Filter Out Poisoned Sources of Weather Data

Use the data supplied in the Zeek JSON logs to identify the IP addresses of attackers poisoning Santa's flight mapping software. Block the 100 offending sources of information to guide Santa's sleigh through the attack. Submit the Route ID (“RID”) success value that you're given. For hints on achieving this objective, please visit the Sleigh Shop and talk with Wunorse Openslae.

The first think to do was log into https://srf.elfu.org. There was some useful information in elfuresearchlabssupersledomaticquickstartguidev1.2.pdf:

The default login credentials should be changed on startup and can be found in the readme in the ElfU Research Labs git repository.

I tried to access things like .git/HEAD and then realised that maybe I should try README.md as I was at github for another reason reading a README.md.

This was successful, but later I would find, from the Zeek logs, that someone else had found the README.md.

  {
    "ts": "2019-10-05T07:01:54-0800",
    "uid": "Ci077n4ko3JP1V1b0h",
    "id.orig_h": "42.103.246.130",
    "id.orig_p": 50966,
    "id.resp_h": "10.20.3.80",
    "id.resp_p": 80,
    "trans_depth": 1,
    "method": "GET",
    "host": "srf.elfu.org",
    "uri": "/README.md",
    "referrer": "-",
    "version": "1.1",
    "user_agent": "Mozilla/4.0 (compatible;MSIe 7.0;Windows NT 5.1)",
    "origin": "-",
    "request_body_len": 0,
    "response_body_len": 654,
    "status_code": 200,
    "status_msg": "OK",
    "info_code": "-",
    "info_msg": "-",
    "tags": "(empty)",
    "username": "-",
    "password": "-",
    "proxied": "-",
    "orig_fuids": "-",
    "orig_filenames": "-",
    "orig_mime_types": "-",
    "resp_fuids": "FuQSDRXblFgDmKl2h",
    "resp_filenames": "-",
    "resp_mime_types": "text/html"
  },

The README.md contained:

# Sled-O-Matic - Sleigh Route Finder Web API

### Installation

```
sudo apt install python3-pip
sudo python3 -m pip install -r requirements.txt
```

#### Running:

`python3 ./srfweb.py`

#### Logging in:

You can login using the default admin pass:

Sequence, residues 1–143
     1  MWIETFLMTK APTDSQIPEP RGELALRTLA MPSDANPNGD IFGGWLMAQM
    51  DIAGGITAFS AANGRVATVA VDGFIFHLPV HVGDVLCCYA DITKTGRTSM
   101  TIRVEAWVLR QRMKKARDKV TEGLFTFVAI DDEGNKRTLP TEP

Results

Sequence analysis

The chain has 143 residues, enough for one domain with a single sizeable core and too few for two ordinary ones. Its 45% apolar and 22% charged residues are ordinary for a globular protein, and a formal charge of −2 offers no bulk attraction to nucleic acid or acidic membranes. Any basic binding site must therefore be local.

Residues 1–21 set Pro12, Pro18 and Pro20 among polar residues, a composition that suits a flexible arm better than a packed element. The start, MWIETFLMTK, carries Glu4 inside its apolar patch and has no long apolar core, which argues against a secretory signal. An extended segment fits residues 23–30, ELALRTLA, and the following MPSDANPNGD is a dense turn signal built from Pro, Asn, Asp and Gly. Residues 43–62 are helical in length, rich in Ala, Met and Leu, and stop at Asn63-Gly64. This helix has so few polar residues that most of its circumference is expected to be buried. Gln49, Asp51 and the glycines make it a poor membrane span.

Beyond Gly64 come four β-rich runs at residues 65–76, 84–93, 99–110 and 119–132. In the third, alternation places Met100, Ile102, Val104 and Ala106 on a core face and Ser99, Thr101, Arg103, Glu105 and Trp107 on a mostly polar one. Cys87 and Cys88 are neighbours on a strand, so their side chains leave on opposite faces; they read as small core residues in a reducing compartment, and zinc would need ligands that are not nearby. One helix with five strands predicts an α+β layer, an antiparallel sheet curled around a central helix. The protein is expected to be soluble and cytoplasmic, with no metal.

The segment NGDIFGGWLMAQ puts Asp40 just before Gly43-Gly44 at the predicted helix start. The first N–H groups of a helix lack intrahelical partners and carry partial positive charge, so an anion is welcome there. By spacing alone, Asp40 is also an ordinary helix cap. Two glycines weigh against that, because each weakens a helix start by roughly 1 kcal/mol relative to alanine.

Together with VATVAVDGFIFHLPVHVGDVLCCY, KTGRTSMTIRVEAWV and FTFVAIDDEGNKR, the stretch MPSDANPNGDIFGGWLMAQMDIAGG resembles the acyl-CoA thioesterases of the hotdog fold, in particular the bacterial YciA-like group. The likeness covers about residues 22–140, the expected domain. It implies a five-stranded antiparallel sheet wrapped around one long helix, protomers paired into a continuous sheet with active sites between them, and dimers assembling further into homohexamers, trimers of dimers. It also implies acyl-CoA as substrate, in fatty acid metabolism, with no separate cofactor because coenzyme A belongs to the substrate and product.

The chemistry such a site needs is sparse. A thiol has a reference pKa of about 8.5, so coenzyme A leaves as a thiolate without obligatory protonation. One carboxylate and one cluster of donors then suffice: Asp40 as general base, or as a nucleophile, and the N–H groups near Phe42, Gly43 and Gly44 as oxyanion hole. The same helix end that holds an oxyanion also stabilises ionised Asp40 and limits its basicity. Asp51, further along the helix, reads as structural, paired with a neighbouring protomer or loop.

`admin 924158F9522B3744F5FCD4D10FAC4356`

However, it's recommended to change this in the sqlite db to something custom.

This allowed me to log into the server so that I would later be able to apply the firewall rules.

There was some hard graft involved in getting the offending source IP addresses.

I ran various queries and used other searches to remove entries so that I could manually review the log file.

At the end of the process, I came up with the following commands to get original offending IP's and then to pivot based on the user_agent, which was generally a 'broken' user agent string, to find other IP's.

cat http.log | \
jq '[.[] | select(.host|match("UNION")), select(.host|match("passwd")), select(.host|match("<script>"))| .["id.orig_h"]]' | \
sort -u | \
grep -v '\[' | \
grep -v '\]'| \
sed 's/^  "//' | \
sed 's/".*/\/32,/'

cat http.log | \
jq '[.[] | select(.status_code == 400), select(.user_agent|match("bash")), select(.uri|match("bash")), select(.username != "-")| .["id.orig_h"]]' | \
sort -u | \
grep -v '\[' | \
grep -v '\]'| \
sed 's/^  "//' | \
sed 's/".*/\/32,/'

# Now do other searches pivoting on the user_agent string to find other bad ip's 
( cat http.log | \
  jq '[.[] | select(.user_agent|match("bash")), select(.uri|match("bash"))| .user_agent]' | \
  grep -v '\[' | \
  grep -v '\]' | \
  while IFS= read -r UA ; \
  do \
    new_ua=$(\
      echo "$UA" | \
      sed 's/,$//' | sed 's/^  //'
    ); \
    cat http.log | 
    jq -r  "[.[] | select(.user_agent == $new_ua)| .[\"id.orig_h\"]]"| \
    sort -u | \
    grep -v '\[' | \
    grep -v '\]'; \
  done \
) | \
sort | \
sed 's/^  "//' | \
sed 's/".*/\/32,/'

( cat http.log | \
  jq '[.[] | select(.uri|match("/api/")) | select(.uri|match("UNION")), select(.uri|match("passwd")), select(.uri|match("id=<script>"))| .user_agent]' | \
  grep -v '\[' | \
  grep -v '\]' | \
  while IFS= read -r UA ; \
  do \
    new_ua=$(\
      echo "$UA" | \
      sed 's/,$//' | \
      sed 's/^  //'\
    ); \
    cat http.log | \
    jq -r  "[.[] | select(.user_agent == $new_ua)| .[\"id.orig_h\"]]"| \
    sort -u | \
    grep -v '\[' | \
    grep -v '\]'; \
  done \
) | \
sort | \
sed 's/^  "//' | \
sed 's/".*/\/32,/'

( cat http.log | \
  jq '[.[] | select(.uri|match("/logout")) | select(.uri|match("UNION")), select(.uri|match("passwd")), select(.uri|match("id=<script>"))| .user_agent]' | \
  grep -v '\[' | \
  grep -v '\]' | \
  while IFS= read -r UA ; \
  do \
    new_ua=$(\
      echo "$UA" | \
      sed 's/,$//' | \
      sed 's/^  //'\
    ); \
    cat http.log | \
    jq -r  "[.[] | select(.user_agent == $new_ua)| .[\"id.orig_h\"]]"| \
    sort -u | \
    grep -v '\[' | \
    grep -v '\]'; \
  done \
) | \
sort | \
sed 's/^  "//' | \
sed 's/".*/\/32,/'

The grep commands are to remove the square brackets and the sed commands are used to massage the output so that it becomes comma delimited.

When I sourced this I ended up with 131 IP address.

I loaded these into firewall page and got a successful Route Calculation so that Santa did not fall out of the sky.

The Answer is “0807198508261964”